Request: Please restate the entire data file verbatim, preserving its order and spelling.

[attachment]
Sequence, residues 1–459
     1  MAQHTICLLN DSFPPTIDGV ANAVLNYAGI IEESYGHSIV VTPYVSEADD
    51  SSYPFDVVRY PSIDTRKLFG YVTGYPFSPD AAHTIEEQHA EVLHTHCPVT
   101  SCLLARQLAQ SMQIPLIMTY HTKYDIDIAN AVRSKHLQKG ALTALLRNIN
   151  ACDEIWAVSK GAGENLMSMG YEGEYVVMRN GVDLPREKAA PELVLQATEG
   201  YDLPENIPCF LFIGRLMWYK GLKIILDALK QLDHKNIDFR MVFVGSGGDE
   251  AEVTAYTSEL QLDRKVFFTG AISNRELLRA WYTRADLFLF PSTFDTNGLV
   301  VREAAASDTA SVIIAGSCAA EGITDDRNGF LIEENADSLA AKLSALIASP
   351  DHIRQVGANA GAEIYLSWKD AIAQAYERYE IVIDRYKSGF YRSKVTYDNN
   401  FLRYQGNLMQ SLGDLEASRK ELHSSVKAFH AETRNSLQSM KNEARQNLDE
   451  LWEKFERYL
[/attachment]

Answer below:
Sequence, residues 1–459
     1  MAQHTICLLN DSFPPTIDGV ANAVLNYAGI IEESYGHSIV VTPYVSEADD
    51  SSYPFDVVRY PSIDTRKLFG YVTGYPFSPD AAHTIEEQHA EVLHTHCPVT
   101  SCLLARQLAQ SMQIPLIMTY HTKYDIDIAN AVRSKHLQKG ALTALLRNIN
   151  ACDEIWAVSK GAGENLMSMG YEGEYVVMRN GVDLPREKAA PELVLQATEG
   201  YDLPENIPCF LFIGRLMWYK GLKIILDALK QLDHKNIDFR MVFVGSGGDE
   251  AEVTAYTSEL QLDRKVFFTG AISNRELLRA WYTRADLFLF PSTFDTNGLV
   301  VREAAASDTA SVIIAGSCAA EGITDDRNGF LIEENADSLA AKLSALIASP
   351  DHIRQVGANA GAEIYLSWKD AIAQAYERYE IVIDRYKSGF YRSKVTYDNN
   401  FLRYQGNLMQ SLGDLEASRK ELHSSVKAFH AETRNSLQSM KNEARQNLDE
   451  LWEKFERYL